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Risk assessment and management continued, continued


Risk Assessment – Risk Identification:

Risks need to be identified in terms of what, why and how things can arise so further analysis of the risk can be undertaken. This step should identify any risks arising from the operating environment and generate a comprehensive list of risks that could impact on those objectives.

For some activities, especially safety related activities, hazard identification is the first step when identifying risks. A ‘hazard’ can be a situation that poses a level of threat to life, health, property or the environment.

Risks can be identified using the following tools:

  • audits or physical inspections
  • accident / incident reports
  • brainstorming
  • decision trees
  • history
  • interview / focus groups
  • personal or organisational experience
  • scenario analysis
  • strengths, weaknesses, opportunities and threats (SWOT) analysis
  • survey or questionnaires.

Some questions to ask when identifying risks:

  • When, where, why, and how are the risks likely to occur?
  • What is the source of each risk?
  • Who is likely to be affected by the risk?

Identified risks will be documented on the Risk Control Worksheet available in the downloads below

Risk Assessment – Risk Analysis:

The objective of this step is to separate the broadly acceptable risks from those risks requiring subsequent treatment. For each identified risk the existing controls need to be analysed in terms of consequence and likelihood in the context of those controls.

A control is defined as a measure that modifies a risk i.e. reducing the consequence and / or likelihood. Controls include any policy, process, practice, device, people, or other actions which modify risk. The method of analysis to be applied will depend on the particular application, the availability of reliable data and the decision-making needs of the activity.

Risk Assessment – Risk Evaluation:

An evaluation of each identified risk will be conducted to determine those risks that are acceptable and those that require further treatment. Risks that require further action will be mitigated prior to any RPAS operations. The risks that have been accepted will be noted and monitored in accordance with ‘Monitor and Review’ process detailed below.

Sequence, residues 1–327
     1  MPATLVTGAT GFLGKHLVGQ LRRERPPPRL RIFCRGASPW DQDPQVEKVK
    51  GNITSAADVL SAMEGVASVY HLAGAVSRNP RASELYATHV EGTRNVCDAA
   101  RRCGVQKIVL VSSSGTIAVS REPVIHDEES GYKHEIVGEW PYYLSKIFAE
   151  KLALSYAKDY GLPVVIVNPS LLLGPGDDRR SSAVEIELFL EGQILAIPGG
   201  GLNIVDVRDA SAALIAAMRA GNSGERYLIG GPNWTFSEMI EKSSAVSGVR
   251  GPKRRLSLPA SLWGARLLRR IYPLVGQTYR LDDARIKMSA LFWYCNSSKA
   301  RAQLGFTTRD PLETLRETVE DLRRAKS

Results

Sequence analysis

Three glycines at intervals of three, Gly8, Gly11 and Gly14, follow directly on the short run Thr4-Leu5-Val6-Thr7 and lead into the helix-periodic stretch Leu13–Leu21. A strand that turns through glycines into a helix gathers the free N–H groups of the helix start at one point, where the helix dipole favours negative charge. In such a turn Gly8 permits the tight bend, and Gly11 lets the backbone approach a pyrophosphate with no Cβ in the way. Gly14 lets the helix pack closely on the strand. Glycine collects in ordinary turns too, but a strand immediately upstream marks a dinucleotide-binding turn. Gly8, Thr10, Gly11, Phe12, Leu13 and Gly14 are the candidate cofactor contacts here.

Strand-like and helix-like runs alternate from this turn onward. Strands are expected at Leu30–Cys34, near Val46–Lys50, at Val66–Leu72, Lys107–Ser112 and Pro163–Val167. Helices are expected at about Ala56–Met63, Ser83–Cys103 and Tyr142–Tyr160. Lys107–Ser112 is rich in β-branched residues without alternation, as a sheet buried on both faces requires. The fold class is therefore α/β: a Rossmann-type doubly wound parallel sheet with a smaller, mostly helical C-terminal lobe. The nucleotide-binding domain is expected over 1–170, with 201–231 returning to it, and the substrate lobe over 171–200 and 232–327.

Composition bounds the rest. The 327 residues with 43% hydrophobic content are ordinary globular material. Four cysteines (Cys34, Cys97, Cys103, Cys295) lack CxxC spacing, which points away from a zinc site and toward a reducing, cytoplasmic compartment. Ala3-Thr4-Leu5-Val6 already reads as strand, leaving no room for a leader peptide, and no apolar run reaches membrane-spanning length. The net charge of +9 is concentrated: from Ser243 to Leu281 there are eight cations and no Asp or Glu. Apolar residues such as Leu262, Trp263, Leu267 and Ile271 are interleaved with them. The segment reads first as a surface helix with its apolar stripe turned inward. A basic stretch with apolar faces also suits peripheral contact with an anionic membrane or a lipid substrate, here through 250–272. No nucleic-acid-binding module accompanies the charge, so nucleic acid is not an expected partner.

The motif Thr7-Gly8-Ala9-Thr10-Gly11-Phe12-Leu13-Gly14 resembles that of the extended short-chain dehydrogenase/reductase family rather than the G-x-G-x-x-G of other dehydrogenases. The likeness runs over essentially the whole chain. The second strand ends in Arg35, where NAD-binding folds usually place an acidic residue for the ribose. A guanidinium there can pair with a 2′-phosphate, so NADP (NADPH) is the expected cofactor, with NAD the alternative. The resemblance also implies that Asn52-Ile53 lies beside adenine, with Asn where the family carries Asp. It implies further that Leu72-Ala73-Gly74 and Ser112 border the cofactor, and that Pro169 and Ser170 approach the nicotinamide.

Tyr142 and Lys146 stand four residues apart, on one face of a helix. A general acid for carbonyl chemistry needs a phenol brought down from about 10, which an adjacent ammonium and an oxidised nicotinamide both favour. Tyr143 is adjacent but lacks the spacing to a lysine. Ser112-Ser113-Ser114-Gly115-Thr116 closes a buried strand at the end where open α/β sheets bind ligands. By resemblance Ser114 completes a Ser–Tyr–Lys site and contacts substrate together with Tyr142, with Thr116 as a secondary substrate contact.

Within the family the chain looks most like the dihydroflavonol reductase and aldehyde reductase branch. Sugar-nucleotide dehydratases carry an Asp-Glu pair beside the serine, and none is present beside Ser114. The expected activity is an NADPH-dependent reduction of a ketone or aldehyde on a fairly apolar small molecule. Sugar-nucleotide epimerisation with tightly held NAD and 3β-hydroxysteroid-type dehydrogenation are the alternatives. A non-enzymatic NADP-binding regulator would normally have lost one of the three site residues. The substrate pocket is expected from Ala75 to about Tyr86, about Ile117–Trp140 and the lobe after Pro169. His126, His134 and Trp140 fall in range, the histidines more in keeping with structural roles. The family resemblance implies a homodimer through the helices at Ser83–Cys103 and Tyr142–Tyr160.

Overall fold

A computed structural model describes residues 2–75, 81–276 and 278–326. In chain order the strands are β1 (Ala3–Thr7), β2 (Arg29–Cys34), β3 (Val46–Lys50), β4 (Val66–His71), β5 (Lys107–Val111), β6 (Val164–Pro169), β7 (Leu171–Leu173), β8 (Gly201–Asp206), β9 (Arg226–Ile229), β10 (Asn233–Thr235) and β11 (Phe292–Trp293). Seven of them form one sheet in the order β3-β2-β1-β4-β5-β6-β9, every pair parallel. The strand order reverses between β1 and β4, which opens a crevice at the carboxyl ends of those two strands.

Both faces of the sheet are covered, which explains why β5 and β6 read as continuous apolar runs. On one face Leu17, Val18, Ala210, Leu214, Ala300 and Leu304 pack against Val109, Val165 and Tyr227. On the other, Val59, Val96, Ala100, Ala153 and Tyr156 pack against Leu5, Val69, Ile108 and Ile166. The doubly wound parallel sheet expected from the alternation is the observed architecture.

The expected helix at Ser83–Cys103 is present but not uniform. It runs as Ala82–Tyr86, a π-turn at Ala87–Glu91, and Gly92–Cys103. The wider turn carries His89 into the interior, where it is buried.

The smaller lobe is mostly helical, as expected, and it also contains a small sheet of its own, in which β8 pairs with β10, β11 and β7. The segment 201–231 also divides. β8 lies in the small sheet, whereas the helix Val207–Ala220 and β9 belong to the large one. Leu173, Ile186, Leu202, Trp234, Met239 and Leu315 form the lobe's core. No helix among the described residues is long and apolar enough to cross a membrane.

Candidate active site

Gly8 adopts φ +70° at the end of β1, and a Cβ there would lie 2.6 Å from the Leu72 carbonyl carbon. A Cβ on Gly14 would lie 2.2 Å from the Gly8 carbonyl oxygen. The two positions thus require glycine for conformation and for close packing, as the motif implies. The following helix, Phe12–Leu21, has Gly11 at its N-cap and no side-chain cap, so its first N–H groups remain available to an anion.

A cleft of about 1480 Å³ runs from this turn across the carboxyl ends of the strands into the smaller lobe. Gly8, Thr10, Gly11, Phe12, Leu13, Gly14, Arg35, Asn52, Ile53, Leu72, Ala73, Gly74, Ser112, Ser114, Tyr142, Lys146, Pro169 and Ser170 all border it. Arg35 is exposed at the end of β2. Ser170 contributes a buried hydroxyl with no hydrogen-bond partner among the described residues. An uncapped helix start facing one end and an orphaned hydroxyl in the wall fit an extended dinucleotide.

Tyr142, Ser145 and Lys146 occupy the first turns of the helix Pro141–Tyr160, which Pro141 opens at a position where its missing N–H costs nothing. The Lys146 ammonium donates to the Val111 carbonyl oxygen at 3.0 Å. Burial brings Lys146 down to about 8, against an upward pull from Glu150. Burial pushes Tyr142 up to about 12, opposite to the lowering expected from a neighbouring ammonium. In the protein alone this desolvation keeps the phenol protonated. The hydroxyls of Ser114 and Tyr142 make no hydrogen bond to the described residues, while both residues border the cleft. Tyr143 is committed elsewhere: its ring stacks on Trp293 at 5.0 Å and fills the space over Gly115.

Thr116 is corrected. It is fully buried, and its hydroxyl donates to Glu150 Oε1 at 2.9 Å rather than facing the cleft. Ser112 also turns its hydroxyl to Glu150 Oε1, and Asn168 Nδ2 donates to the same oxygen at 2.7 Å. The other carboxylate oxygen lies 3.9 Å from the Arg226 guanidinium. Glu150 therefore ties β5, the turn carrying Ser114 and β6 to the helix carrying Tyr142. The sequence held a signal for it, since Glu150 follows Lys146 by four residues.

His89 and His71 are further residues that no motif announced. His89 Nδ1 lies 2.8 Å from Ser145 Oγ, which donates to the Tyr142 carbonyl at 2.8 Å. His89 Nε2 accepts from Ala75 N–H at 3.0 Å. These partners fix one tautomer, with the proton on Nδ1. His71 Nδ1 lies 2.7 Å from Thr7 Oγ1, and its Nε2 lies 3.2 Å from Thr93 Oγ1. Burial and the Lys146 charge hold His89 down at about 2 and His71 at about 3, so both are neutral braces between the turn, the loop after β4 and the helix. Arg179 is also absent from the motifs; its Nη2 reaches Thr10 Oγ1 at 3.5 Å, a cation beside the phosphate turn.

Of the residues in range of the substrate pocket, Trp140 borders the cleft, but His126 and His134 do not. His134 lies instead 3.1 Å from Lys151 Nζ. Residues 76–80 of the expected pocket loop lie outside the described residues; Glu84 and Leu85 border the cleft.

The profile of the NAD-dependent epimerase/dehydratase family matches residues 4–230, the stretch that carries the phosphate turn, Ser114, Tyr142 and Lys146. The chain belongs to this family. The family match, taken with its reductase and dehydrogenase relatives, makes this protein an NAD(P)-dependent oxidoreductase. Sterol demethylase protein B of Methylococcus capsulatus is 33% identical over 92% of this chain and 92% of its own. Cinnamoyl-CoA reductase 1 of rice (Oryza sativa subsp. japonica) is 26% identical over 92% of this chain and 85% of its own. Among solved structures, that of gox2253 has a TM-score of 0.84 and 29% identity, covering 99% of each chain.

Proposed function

Existing controls and their effectiveness must be taken into account when analysing the risk to derive a Risk Rating score. Details of this risk analysis should be recorded on a Risk Control Worksheet. The analysis will consider the range of potential consequences and how likely they are to occur. Consequence and likelihood are combined to produce an estimated level of risk called the Risk Rating.

Risk Treatment:

Once you have understood the risks and evaluated them, you need to design treatments with ‘As Low as Reasonably Practicable’ ALARP principles in mind. This does not mean that you have completely removed all risks, but that you have processes in place to control them to a level where the risks are as low as reasonably possible.

Monitor and Review:

The last step in the Risk Management process is to monitor and review the effectiveness and performance of the risk treatment options, strategies, and the management system and changes which might affect it as follows:

  • each step undertaken should be documented to enable effective monitoring and review
  • risks and the effectiveness of treatment measures need to be monitored to ensure changing circumstances do not alter the risk priorities
  • identification, assessment, and treatments must be reviewed to ensure the risks remain relevant and continue to be managed and that any new or emerging risks are identified and manage
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Drone Safety for Managers (Latin America)

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